When it comes to diabetes, few topics get as much heated debate as that of whether we diabetics should lower our carb intake intake or not. There are many books available these days that advocate significantly reduced daily carbohydrate levels and it’s always a hot discussion amongst people with diabetes.
Top down healthcare advice from the public sector relies on research to back up it’s recommendations and steers clear of making any hasty moves.
Department of Health carbohydrate guidelines
The Department of Health recommends that people take in about 50% of their daily calories as carbohydrate. This amounts to about 225-300g of carbohydrate per day. This is advice for the general public -people with diabetes included.
(Curiously, the panel that put these guidelines together are known as the Committee on Medical Aspects of Food who go by the rather unfortunate acronym, COMA.)
Diabetes.co.uk has recognised that a significant percentage of people with diabetes find the recommended amounts of starchy carbohydrate too high to be able to maintain acceptable blood glucose levels.
There has long been a call from the diabetic population to urge the Department of Health to define new guidelines with lower carbohydrate amounts for people with diabetes, particularly type 2 diabetes.
As someone with diabetes, I personally support the idea of people with type 2 diabetes being recommended to reduce their carbohydrate intake below that of the recommendations for the public at large. My reasons are as follows:
What arguments exist for reducing carbs?
- Reduces post meal high blood glucose levels (spiking)
- Can see improvements in long term control by way of reduced HbA1c numbers
- The diet can help to kick start and maintain weight loss
- Reducing after meal sugar levels can lead to more alertness (less brain fog) and less fatigue after meals
- Reducing carbohydrate intake can lead to a lower dependence on medication for blood glucose control.
- There is evidence to suggest that low-carb diets can help to restore insulin sensitivity and slow down damage to the pancreas’ insulin producing beta cells.
And the arguments against reducing carbs?
I feel that the extent of the disadvantages really depends on how little carbohydrates the diet contains and can also be a result of reduction of calories in the diet.
Generally speaking, the lower the level of carbohydrates, the more chance that the following may apply:
- Hypoglycemic events may occur more often on a lower-carb diet
- If the level of daily carbohydrates is under 50-70 grams per day, ketones can be produced which should be monitored to prevent ketone levels becoming too high
- The possibility of headaches and constipation, this can be corrected by readjusting the amount of fibre and fluids in the diet –a dietitian can help with this.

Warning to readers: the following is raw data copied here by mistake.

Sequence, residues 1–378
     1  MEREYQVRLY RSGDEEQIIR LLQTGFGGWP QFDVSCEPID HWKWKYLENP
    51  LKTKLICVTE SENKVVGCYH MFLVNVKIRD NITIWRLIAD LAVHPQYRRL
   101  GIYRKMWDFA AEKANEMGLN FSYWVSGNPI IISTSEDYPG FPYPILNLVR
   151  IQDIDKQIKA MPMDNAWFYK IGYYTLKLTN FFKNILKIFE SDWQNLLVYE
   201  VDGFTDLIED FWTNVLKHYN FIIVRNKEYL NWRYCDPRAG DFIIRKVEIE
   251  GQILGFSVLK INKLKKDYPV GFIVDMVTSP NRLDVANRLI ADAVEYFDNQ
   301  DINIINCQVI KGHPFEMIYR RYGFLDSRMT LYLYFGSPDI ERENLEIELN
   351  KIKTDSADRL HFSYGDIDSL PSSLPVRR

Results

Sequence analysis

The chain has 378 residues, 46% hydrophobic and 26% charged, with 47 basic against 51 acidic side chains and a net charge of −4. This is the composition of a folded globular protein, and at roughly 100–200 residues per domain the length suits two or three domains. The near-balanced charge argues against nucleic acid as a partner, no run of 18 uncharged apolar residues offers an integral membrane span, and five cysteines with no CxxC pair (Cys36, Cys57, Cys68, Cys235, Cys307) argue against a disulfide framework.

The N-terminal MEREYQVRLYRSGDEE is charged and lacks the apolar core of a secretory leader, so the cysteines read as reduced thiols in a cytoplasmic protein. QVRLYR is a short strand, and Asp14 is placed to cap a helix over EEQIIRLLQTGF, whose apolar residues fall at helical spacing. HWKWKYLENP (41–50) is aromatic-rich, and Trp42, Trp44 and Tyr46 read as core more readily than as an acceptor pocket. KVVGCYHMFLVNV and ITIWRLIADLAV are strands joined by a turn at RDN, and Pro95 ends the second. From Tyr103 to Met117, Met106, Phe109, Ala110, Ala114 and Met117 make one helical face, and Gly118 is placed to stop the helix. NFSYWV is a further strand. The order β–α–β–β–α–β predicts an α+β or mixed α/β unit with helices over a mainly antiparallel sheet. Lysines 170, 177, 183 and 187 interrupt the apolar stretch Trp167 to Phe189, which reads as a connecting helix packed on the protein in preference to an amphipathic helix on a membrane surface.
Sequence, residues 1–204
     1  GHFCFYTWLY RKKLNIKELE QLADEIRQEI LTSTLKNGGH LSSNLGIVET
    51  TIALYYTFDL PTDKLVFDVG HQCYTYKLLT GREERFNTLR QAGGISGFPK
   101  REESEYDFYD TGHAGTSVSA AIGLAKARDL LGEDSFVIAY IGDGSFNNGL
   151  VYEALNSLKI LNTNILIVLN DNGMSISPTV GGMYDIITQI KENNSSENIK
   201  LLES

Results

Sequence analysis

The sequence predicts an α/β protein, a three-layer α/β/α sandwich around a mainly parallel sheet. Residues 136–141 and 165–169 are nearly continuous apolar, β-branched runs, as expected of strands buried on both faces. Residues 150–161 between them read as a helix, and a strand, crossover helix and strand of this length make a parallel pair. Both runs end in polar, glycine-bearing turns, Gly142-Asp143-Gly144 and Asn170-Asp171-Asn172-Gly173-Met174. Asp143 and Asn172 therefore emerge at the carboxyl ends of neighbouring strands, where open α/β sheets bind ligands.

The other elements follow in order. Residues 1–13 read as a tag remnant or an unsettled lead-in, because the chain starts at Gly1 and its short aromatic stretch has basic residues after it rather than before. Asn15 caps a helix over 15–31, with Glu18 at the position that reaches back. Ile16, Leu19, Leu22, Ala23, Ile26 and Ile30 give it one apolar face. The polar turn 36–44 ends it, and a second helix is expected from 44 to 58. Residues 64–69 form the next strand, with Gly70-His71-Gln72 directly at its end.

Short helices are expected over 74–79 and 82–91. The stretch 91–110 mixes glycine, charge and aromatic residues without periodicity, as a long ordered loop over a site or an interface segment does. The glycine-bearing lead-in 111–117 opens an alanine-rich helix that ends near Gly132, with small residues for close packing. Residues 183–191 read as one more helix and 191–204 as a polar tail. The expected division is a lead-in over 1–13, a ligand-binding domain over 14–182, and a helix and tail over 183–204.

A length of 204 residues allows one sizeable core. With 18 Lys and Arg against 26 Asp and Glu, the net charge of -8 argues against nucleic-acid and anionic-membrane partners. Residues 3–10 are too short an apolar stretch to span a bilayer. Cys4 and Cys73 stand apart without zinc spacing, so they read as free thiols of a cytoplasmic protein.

- Fatigue, if the calorie content is low
- There is perceived to be a lack of long term research studies that confirm patient safety
One long time argument against a low-carb diet is that it promotes higher cholesterol levels. As with most other diets, whether this happens is dependent on what the diet contains and how strictly the carbohydrate is reduced.
On the last point about long term research studies, it could also be argued that there is also a lack of long term studies, specifically relating to people with diabetes, which confirm patient safety of the Department of Health’s recommended diet.
Is a reduced carbohydrate diet for everyone with diabetes?
Along with many others on our diabetes forum, I believe that the recommended amount of carbohydrates should be based on a more individual basis. For some conditions, such as cystic fibrosis, a reduced carbohydrate diet could be quite dangerous for example.
However, there is a strong feeling that, in general, the carbohydrate intake of the Department of Health recommendations are too high for the majority of people with type 2 diabetes and that levels of carbohydrate intake should be matched to people’s individual needs and preferences.
Whilst generally thought of as less of a necessity for type 1 diabetes, a result of the availability of fast acting insulins, there are plenty of people with type 1 who also find lower carbohydrate diets help provide more stability of blood glucose levels.
Women going through pregnancy with diabetes are one group who are often advised by doctors to go onto a tightly carb restricted diet as tight blood glucose control is so important for the health of the child.
How much carbohydrate are people with diabetes eating?
A carbohydrate poll on the diabetes forum is currently showing that over 75% of respondents are on a diet which the charity Diabetes UK defines as a low-carbohydrate diet. [Figures taken from 78 responses at time of writing]
What do you think?
- Are you somebody who has type 2 diabetes and can keep your sugar levels under control on a 200+ grams of carbs?
- Is tailoring carbohydrate levels to individuals realistic?
- Would you personally have worries over carbohydrate recommendations being lower?
- Do you have type 1 and find that reducing daily carb intake helps?
Comment below and have your say on the issue. ')}